In honor of his new film, Glass, which itself marries Shyamalan’s early and more recent films, let’s rank the 10 best scenes in the man’s career.

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glass review

(Welcome to The Unpopular Opinion, a series where a writer goes to the defense of a much-maligned film or sets their sights on a movie seemingly beloved by all. In this edition: M. Night Shyamalan‘s critically lambasted Glass is actually good!)

Reactions from critics to the Unbreakable trilogy have grown increasingly divisive with each film – not unlike reactions to M. Night Shyamalan’s work as a whole. It was only years later, after the subsequent surge of studio attempts to make “gritty” and “grounded” superhero movies, that appreciation for Unbreakable began to swell. And despite being hailed as part of Shyamalan’s comeback, Split received more negative reviews than its predecessor upon its release in 2017.

Two years later, it’s hardly surprising that Shyamalan’s trilogy-capper, Glass, has fared far worse among most critics than the films before it, and yet I find it to be a near-perfect culmination – and escalation – of this particular narrative. Glass continues the subversion and dissection of the superhero genre, while continuing to explore the compelling thematic elements at work in its predecessors – particularly those in Split. The cleverness of Glass extends beyond its mere plot points and transcends the expected Shyamalan twists, with a thoughtful aesthetic and self-aware implementation of the filmmaker’s more heavy-handed tendencies.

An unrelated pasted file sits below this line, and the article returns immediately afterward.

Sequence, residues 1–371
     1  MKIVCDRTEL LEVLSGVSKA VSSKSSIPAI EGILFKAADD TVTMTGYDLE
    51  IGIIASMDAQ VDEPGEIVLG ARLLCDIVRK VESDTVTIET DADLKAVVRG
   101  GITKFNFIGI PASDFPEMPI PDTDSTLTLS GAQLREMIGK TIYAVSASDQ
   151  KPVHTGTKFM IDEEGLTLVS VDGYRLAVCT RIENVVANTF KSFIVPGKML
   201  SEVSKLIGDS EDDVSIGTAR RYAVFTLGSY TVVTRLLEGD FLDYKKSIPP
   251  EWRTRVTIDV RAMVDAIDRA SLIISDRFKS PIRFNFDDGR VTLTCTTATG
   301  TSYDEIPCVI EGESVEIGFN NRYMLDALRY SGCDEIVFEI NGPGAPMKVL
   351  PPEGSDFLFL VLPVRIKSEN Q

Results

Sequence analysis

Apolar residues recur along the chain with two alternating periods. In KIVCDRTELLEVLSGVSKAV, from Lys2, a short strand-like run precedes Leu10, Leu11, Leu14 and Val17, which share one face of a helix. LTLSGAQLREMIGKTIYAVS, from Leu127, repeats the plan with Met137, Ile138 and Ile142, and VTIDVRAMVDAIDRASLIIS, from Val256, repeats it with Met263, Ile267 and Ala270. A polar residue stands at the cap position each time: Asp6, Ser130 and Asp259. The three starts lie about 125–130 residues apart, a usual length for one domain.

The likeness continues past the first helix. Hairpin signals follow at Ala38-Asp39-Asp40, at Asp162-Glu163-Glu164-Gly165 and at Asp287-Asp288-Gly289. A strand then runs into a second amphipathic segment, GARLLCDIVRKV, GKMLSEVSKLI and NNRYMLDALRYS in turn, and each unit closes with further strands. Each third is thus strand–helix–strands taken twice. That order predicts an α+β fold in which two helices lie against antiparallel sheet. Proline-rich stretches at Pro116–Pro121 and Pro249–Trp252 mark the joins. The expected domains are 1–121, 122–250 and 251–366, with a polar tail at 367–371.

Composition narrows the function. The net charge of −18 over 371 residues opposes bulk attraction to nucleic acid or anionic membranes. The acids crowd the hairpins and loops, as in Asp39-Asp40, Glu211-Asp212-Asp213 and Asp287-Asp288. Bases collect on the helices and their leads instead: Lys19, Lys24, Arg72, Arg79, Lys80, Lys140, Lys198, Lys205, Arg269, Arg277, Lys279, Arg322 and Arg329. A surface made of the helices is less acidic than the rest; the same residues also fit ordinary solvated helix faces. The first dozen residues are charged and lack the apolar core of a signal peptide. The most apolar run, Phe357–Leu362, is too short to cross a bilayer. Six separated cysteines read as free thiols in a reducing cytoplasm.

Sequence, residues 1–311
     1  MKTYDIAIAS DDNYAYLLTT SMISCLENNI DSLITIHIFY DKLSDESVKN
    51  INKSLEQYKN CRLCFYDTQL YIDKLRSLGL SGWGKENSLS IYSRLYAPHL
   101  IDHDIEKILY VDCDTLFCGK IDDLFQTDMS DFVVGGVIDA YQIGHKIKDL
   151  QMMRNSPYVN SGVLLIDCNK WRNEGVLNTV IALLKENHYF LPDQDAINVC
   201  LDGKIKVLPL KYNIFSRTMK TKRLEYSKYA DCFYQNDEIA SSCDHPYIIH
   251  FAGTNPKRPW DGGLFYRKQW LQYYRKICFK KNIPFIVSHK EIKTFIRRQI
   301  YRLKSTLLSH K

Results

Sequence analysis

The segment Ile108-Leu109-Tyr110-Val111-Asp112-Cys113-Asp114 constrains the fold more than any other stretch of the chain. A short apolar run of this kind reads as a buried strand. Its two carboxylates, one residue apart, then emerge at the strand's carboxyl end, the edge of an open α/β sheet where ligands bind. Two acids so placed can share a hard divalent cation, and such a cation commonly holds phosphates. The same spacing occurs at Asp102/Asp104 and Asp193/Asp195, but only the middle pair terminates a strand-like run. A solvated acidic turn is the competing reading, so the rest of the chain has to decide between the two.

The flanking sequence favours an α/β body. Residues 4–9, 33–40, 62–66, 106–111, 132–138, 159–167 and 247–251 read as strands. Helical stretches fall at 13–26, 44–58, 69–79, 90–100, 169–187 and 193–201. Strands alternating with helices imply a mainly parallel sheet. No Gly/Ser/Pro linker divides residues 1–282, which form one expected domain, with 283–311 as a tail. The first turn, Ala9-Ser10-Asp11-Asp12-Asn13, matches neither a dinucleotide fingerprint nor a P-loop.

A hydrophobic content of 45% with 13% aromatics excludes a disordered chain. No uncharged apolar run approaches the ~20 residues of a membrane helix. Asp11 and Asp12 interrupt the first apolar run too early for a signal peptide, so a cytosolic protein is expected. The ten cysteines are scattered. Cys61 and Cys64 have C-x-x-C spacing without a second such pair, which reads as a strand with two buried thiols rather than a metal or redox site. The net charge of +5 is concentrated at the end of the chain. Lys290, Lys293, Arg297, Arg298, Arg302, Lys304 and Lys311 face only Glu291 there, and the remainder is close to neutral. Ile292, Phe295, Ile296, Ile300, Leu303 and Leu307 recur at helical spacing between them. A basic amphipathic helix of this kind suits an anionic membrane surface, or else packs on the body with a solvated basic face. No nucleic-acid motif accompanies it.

This post contains spoilers for Glass.

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New M. Night Shyamalan Movies

Want to know how M. Night Shyamalan got back on top after falling from grace? He paid his way. The filmmaker, who has Glass hitting theaters this week, has been self-financing his recent films – The VisitSplit and now Glass. Shyamalan puts up the money for the movies himself, enabling him to maintain creative control. It’s a gamble, and so far, it’s paid off, and helped him reclaim box office (if not always critical) glory.